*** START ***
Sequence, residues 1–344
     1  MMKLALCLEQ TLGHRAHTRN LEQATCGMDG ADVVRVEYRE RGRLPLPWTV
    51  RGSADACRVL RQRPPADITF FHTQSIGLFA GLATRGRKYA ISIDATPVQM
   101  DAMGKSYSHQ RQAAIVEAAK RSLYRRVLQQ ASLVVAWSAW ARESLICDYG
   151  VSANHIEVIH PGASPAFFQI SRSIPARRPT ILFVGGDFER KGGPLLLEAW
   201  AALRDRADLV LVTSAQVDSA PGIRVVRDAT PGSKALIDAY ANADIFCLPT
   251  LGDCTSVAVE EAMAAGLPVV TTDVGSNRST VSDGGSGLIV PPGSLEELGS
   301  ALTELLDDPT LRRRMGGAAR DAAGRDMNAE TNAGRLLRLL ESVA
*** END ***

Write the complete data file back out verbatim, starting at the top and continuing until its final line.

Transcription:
Sequence, residues 1–344
     1  MMKLALCLEQ TLGHRAHTRN LEQATCGMDG ADVVRVEYRE RGRLPLPWTV
    51  RGSADACRVL RQRPPADITF FHTQSIGLFA GLATRGRKYA ISIDATPVQM
   101  DAMGKSYSHQ RQAAIVEAAK RSLYRRVLQQ ASLVVAWSAW ARESLICDYG
   151  VSANHIEVIH PGASPAFFQI SRSIPARRPT ILFVGGDFER KGGPLLLEAW
   201  AALRDRADLV LVTSAQVDSA PGIRVVRDAT PGSKALIDAY ANADIFCLPT
   251  LGDCTSVAVE EAMAAGLPVV TTDVGSNRST VSDGGSGLIV PPGSLEELGS
   301  ALTELLDDPT LRRRMGGAAR DAAGRDMNAE TNAGRLLRLL ESVA